Read more of Susan Hollingsworth’s take on this August’s Paddle Oregon event in the Scene installment of our new December issue, available on newsstands Tuesday. Here we give C&K contributing photographer Adam Elliott a little more space to display the imagery from days and nights on this unique paddling pilgrimage down the Willamette River. CLICK HERE for more information on the event.
Canoe & Kayak had the outstanding opportunity this August to join Willamette Riverkeeper and 130 new friends at the Chatoe Rogue Farmstead Brewery in Independence, Oregon. We only had 24 hours to experience Paddle Oregon, the multi-day river trip that captures the spirit of the state through a tour of its largest waterway. The riverside brewery campsite made for a great place to start.
Armed with a deep passion for river travel and a fiery pride for Oregon’s largest waterway, the non-profit Riverkeeper has organized the event for the past 11 years. “We wanted to show that we have this darn nice river that is really close to a lot of people,” Executive Director Travis Williams said. “It’s a worthy place to spend time and is totally approachable to completely new paddlers, as well as those having paddled forever.”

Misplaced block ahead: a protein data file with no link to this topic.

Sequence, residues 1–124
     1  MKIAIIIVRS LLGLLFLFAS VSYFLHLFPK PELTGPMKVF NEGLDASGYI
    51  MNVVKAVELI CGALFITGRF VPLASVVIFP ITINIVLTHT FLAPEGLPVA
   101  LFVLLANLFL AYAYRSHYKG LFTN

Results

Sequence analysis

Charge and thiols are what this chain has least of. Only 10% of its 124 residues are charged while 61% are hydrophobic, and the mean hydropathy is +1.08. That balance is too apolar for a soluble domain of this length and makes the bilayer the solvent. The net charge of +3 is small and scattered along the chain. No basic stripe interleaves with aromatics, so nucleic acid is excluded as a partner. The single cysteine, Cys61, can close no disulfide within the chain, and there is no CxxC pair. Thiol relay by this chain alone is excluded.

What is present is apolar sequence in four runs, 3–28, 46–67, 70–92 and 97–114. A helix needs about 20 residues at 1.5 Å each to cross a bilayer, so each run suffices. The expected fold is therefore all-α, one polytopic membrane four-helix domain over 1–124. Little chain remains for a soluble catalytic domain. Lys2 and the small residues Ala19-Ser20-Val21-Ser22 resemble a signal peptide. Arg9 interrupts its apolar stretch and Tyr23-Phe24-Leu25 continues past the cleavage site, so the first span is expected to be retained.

Over the course of five days, the trip revealed the Willamette’s hidden treasures and unknown stories. Members of the Grand Ronde tribe joined the group for a day on the water, paddling a massive replica canoe used by their ancestors to travel the river thousands of years ago. A local animal sanctuary brought paddlers face to face with several birds of prey typically viewed only from a distance. Melodies from a bluegrass string band transported the group to the heyday of harvest when thousands of migrant workers would celebrate the end of long work day with music, beverages, and friends.
Even without cultural guest appearances, interpretive wildlife presentations, or hopyard bluegrass hoedowns, Paddle Oregon empowers people to get on the river. With an enthusiastic volunteer support staff, many who return year after year, Willamette Riverkeeper makes it possible for 130 people to travel 100 miles with mere muscles and a little bit of current. “They power themselves,” Riverkeeper Outreach and Education Coordinator Kate Ross said. “If you are new to the sport, this is a big deal.”
From kids to grandparents, locals to foreigners, the group of paddlers is a broad representation of the entire paddle sports community. Handmade wooden canoes and sleek fiberglass sea kayaks alike spend the day spotting wildlife, dodging squirt guns, and navigating the current. At the end of the week, everyone agreed that it’s the camaraderie of a multi-day river trip that makes the event one of the best in country.
— Susan Hollingsworth
Read the full story here.